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Carbohydrates

When asked what carbohydrates are, most say that they are substances for energy. Others reply that carbohydrates are sugars. Both answers are actually partially correct, as carbohydrates do much more. Aside from functioning as energy sources or fuels, carbohydrates also play a structural role in the body. Carbs (abbreviation for carbohydrates) also provide contribute to immunological function via cell-surface antigens. Some types of carbs are chemically altered to synthesize hormones or chemicals that will influence or exert control over other tissues of the body, as part of the endocrine system. Carbs help our joints by helping in the attraction of water and maintenance of the 'spongy' nature of cartilage and the joint as a unit as well.

speaking technically, carbs are involved in much of the body's biochemistry, either directly or indirectly.

As yo may have gathered, the term 'carbohydrates' does not always refer to one substance, but rather to a diverse group of 'sugars'. Keep in mind that when some people use the term carbohydrates, they are simply referring to glucose, or glycogen, which is the storage form of glucose. It's important to know, however, that there are different types of carbohydrates, each with different chemical compositions. This is important, because there are sugars, or carbohydrates and their derivatives that are toxic to the human, such as the digitalis glycoside, from the deadly Nightshade Plant, and others we shall discuss. Thus, carbohydrate is an "umbrella term", denoting many different molecules.

Before discussing many of the properties of carbohydrates and types, you'll find a simple chemistry review below. This review is intended to give those, who are unfamiliar with the chemical world, a little insight into the background of carbohydrates and other chemicals.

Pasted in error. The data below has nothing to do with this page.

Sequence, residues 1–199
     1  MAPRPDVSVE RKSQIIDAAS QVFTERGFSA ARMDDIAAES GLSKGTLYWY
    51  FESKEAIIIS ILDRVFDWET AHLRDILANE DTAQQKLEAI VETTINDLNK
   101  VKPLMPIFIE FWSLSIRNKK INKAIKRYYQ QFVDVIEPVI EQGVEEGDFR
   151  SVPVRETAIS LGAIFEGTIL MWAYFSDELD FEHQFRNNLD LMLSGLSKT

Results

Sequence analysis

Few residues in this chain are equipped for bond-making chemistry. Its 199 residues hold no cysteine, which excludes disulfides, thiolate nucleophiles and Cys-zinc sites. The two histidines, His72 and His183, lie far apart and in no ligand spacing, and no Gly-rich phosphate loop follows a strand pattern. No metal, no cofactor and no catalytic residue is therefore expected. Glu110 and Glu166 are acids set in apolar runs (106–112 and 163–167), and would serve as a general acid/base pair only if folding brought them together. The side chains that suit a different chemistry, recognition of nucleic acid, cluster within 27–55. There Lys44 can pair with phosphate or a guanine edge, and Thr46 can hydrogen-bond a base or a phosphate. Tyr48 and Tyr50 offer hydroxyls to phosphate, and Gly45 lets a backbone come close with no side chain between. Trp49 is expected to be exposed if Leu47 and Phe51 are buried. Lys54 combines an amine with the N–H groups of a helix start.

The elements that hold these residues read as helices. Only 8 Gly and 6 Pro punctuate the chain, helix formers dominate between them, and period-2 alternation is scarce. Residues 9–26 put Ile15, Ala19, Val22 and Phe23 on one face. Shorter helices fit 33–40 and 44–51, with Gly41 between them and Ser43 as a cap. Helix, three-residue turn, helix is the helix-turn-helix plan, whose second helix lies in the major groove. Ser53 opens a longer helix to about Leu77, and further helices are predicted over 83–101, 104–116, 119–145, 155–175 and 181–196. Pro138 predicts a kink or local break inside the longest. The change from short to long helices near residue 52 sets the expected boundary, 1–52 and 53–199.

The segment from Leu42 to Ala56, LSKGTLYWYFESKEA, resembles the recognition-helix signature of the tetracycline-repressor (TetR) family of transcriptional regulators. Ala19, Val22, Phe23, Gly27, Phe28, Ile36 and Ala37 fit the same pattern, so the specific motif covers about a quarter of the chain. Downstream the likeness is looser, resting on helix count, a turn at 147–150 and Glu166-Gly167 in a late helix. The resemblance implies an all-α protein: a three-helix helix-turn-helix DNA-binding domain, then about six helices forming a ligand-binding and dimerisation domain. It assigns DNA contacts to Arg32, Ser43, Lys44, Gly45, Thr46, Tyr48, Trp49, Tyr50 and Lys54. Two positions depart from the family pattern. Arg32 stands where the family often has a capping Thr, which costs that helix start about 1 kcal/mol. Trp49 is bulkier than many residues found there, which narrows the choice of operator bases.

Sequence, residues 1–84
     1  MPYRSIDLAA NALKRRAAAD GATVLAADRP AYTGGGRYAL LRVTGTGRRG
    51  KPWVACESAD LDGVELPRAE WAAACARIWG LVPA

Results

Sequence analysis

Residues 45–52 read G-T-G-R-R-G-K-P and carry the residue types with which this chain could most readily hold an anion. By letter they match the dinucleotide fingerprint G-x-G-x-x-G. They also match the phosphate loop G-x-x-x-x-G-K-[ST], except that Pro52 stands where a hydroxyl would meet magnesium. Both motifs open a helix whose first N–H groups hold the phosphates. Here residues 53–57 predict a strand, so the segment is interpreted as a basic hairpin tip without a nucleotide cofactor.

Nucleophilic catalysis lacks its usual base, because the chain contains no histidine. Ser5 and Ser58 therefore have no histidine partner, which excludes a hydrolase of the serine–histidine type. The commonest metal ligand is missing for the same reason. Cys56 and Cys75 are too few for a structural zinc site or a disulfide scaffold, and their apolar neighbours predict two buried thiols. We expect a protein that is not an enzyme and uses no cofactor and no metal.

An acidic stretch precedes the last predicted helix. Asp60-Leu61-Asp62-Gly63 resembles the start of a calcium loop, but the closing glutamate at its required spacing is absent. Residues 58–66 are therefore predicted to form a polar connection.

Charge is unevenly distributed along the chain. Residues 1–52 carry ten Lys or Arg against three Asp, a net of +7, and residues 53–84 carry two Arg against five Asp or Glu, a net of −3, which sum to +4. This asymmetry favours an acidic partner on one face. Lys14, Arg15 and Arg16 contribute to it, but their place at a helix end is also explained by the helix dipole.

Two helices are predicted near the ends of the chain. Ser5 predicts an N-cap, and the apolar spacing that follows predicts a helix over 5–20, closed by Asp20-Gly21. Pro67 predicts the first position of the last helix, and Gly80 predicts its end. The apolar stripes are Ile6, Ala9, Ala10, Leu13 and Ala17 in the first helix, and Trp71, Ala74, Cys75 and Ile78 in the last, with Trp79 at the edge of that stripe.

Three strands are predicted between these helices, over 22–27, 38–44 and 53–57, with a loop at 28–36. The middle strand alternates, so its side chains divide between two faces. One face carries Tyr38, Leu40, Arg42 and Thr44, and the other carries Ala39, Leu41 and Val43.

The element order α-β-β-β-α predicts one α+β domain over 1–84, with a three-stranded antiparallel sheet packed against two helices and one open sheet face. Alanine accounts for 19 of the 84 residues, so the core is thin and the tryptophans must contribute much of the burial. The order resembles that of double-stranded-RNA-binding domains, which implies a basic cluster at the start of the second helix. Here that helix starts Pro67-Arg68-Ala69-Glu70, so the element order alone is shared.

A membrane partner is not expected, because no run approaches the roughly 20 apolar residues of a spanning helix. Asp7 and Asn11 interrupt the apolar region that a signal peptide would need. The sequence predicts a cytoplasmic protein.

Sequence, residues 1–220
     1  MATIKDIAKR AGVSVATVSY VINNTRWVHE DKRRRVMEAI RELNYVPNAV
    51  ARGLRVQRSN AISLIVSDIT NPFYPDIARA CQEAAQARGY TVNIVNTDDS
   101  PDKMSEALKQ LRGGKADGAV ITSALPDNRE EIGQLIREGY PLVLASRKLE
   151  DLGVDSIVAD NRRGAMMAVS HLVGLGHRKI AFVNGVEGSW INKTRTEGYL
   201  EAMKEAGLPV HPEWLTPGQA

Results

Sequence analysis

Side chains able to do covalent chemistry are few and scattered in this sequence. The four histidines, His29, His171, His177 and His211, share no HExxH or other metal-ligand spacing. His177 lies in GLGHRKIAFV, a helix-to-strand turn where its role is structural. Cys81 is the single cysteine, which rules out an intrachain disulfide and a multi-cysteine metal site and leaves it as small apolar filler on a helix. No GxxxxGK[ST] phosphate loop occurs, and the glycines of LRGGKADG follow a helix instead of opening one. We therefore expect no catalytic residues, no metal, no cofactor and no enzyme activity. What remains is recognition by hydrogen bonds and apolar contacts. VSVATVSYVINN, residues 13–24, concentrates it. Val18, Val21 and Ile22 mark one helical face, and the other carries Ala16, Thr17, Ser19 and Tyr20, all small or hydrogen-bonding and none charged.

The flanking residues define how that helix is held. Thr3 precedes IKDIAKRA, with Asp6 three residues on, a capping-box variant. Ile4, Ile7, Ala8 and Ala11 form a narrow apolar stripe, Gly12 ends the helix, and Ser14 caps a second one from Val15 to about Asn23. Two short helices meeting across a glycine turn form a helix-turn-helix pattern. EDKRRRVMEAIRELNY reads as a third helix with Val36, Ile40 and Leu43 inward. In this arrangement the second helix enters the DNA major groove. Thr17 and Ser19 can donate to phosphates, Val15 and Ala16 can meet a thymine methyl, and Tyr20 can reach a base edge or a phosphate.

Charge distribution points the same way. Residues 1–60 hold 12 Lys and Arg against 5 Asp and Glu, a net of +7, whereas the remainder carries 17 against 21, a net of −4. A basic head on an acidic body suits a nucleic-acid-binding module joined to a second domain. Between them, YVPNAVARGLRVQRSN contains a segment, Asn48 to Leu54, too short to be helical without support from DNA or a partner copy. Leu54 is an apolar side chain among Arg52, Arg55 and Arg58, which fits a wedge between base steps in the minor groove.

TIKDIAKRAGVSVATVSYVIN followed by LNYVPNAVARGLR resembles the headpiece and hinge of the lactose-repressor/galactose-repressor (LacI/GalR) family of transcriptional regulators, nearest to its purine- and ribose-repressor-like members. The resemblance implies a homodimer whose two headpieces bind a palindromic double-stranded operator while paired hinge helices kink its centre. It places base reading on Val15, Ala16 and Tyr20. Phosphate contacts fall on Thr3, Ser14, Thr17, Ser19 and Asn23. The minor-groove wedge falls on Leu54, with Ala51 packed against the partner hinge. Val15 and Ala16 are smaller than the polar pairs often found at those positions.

Our chemical composition



Everything on this planet is composed of atoms. You, every other person and animal, your car, bicycle, plants, water, the air we breath, everything we touch, etc. Although each of these things are differen tin the way they look, they all have one thing in common - They are all are composed of tiny little elements called atoms. A bar of pure gold (100 percent or 24 karat) is composed of nothing else but atoms of gold - many many tiny atoms. These atoms are so small, that you could litereally fit billions of them on the tip of a very sharp needle. So, if you took a bar of gold and kept dividing it in half, eventually, you'd reach apoint where there was only a single atom of gold. You could no longer divide this - if you tried to split this single atom of gold, it would no longer be gold. In fact, this is what they do in nuclear power plants to create energy - they split atoms, and this creates vast amounts of energy - which is risky business. But you get the picture now! Atoms are very small single units of an element.

So, we can say that a bar of gold, is composed of the 'element, gold'. There are quite a few elements in nature. Aside from gold, carbon is an element. We can use it for steel production, and our body's also use it as a skeleton for particular hormones and other components.

Sodium, potassion, calcium are also elements as well. In fact, there are 94 elements known to compose everything in and on our planet. There may even be undiscovered elements in other plnets.

GBut that's not a problem. Because with atoms of each element, we can combine them in different ways in order to create billions of different chemicals and even mixtures of things.

It's like having 94 different colored bricks that you could use to build a house with. Substituting just a single different colored brick in one area, makes that house unique in appearance.

The same is true with combining atoms of the different elements. However, substituting different atoms, does not merely change the look. It may change the smell, and even effect on the chemical effect it can exert on the body.

For example, changing a single atom in structure of our DNA can cause a very noticeable effect in our makeup.

When we combine 2 or more atoms together, the new unit is called a molecule.

Common table salt is a molecule - it composed of 1 atom of sodium and 1 atom of chlorine.

More on atoms..
Now we know that the atom is the smallest piece or building block of an object, that still retains its properties (color, weight, melting point, boiling point, etc.). The gas, helium floats because of its properties (its weight is low, it's boiling point is room temperature - that's why it's floating !).

Gold is malleable (you can bite down on a gold nugget to test if it's genuine and you will see teeth marks in it), and it conducts electricity.